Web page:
Compare any two graphics cards:
GeForce GT 240 GDDR5 vs Radeon HD 4670 512MB
IntroThe GeForce GT 240 GDDR5 has core speeds of 550 MHz on the GPU, and 850 MHz on the 512 MB of GDDR5 RAM. It features 96 SPUs as well as 32 Texture Address Units and 8 Rasterization Operator Units.
Compare all that to the Radeon HD 4670 512MB, which has GPU core speed of 750 MHz, and 512 MB of GDDR4/GDDR3/DDR3/DDR2 memory set to run at 1000 MHz through a 128-bit bus. It also is comprised of 320(64x5) SPUs, 32 Texture Address Units, and 8 Raster Operation Units.
Battlefield Bad Company 2
Mass Effect 2
Supreme Commander 2
Radeon HD 4670 512MB wins
(Based entirely on the benchmarks listed above)
When combining all game benchmark scores on this page together, the Radeon HD 4670 512MB wins overall, by 9 FPS. Please note that we do not have the results of every benchmark ever done for these cards, so the results may differ wildly in different games.
Power Usage and Theoretical BenchmarksBoth cards have the same power consumption.
Performance-wise, the GeForce GT 240 GDDR5 should in theory be quite a bit better than the Radeon HD 4670 512MB overall. (explain)
Texel RateThe Radeon HD 4670 512MB is a lot (approximately 36%) more effective at texture filtering than the GeForce GT 240 GDDR5. (explain)
Pixel RateIf using high levels of AA is important to you, then the Radeon HD 4670 512MB is the winner, and very much so. (explain)
Please note that the above 'benchmarks' are all just theoretical - the results were calculated based on the card's specifications, and real-world performance may (and probably will) vary at least a bit.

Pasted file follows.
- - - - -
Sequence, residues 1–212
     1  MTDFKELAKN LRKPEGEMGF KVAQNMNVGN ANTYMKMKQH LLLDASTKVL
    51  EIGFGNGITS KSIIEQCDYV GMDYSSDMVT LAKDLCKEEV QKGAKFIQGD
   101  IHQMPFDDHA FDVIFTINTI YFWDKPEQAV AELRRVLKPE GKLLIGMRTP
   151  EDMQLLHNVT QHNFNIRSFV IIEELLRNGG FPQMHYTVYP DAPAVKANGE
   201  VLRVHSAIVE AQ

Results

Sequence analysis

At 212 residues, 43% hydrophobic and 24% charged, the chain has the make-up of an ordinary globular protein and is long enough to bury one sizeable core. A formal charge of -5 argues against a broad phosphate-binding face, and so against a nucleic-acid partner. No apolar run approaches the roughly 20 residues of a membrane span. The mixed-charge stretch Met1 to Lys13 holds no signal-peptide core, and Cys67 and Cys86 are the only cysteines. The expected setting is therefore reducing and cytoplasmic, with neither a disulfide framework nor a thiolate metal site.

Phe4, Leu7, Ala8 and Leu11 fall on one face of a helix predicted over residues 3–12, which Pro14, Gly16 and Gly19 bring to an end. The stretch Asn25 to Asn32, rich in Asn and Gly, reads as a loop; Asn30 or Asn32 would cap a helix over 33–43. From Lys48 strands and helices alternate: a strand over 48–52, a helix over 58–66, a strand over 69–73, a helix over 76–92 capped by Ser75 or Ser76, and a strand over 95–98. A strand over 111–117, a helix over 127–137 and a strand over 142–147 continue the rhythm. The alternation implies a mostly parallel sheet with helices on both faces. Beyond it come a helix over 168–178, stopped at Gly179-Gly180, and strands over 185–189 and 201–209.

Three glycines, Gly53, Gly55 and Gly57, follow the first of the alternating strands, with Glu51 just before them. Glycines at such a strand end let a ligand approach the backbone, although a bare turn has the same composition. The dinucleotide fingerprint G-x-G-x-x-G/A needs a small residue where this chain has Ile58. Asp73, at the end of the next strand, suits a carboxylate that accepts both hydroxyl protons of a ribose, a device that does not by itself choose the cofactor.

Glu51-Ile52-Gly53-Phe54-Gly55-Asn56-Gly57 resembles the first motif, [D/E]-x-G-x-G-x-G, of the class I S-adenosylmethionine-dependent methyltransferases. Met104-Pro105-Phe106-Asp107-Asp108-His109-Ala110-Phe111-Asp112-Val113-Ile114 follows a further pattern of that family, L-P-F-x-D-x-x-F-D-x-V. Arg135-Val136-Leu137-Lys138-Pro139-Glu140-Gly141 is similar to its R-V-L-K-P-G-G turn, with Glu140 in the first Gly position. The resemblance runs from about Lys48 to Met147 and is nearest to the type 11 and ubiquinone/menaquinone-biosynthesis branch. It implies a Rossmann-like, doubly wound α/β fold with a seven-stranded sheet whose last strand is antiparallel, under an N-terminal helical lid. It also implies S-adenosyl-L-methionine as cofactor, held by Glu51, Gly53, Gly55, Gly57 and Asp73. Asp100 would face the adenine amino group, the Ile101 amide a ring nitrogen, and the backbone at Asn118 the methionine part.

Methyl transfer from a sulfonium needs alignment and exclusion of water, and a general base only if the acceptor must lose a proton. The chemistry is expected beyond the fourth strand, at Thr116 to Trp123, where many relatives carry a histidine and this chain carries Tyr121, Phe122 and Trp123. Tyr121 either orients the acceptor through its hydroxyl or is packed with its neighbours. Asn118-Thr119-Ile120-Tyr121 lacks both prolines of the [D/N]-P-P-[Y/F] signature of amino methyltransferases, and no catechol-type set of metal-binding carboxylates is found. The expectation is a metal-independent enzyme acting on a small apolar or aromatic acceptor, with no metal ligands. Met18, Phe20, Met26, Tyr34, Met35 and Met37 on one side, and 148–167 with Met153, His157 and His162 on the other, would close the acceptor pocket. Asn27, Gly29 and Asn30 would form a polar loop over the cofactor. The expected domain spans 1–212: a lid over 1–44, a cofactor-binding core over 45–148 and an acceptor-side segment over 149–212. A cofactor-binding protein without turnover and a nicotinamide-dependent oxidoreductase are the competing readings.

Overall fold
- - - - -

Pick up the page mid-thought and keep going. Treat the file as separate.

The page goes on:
Please note that the price comparisons are based on search keywords - sometimes it might show cards with very similar names that are not exactly the same as the one chosen in the comparison. We do try to filter out the wrong results as best we can, though.
Memory Bandwidth: Memory bandwidth is the max amount of data (measured in megabytes per second) that can be transported across the external memory interface in one second. It is worked out by multiplying the interface width by its memory clock speed. If the card has DDR type RAM, the result should be multiplied by 2 again. If DDR5, multiply by ANOTHER 2x. The better the bandwidth is, the faster the card will be in general. It especially helps with anti-aliasing, High Dynamic Range and high resolutions.
Texel Rate: Texel rate is the maximum texture map elements (texels) that can be processed per second. This number is worked out by multiplying the total texture units of the card by the core clock speed of the chip. The higher this number, the better the card will be at handling texture filtering (anisotropic filtering - AF). It is measured in millions of texels in one second.
Pixel Rate: Pixel rate is the most pixels that the graphics chip could possibly write to its local memory in one second - measured in millions of pixels per second. The number is worked out by multiplying the amount of Raster Operations Pipelines by the the card's clock speed. ROPs (Raster Operations Pipelines - also sometimes called Render Output Units) are responsible for outputting the pixels (image) to the screen. The actual pixel output rate is also dependant on quite a few other factors, especially the memory bandwidth of the card - the lower the bandwidth is, the lower the ability to get to the maximum fill rate.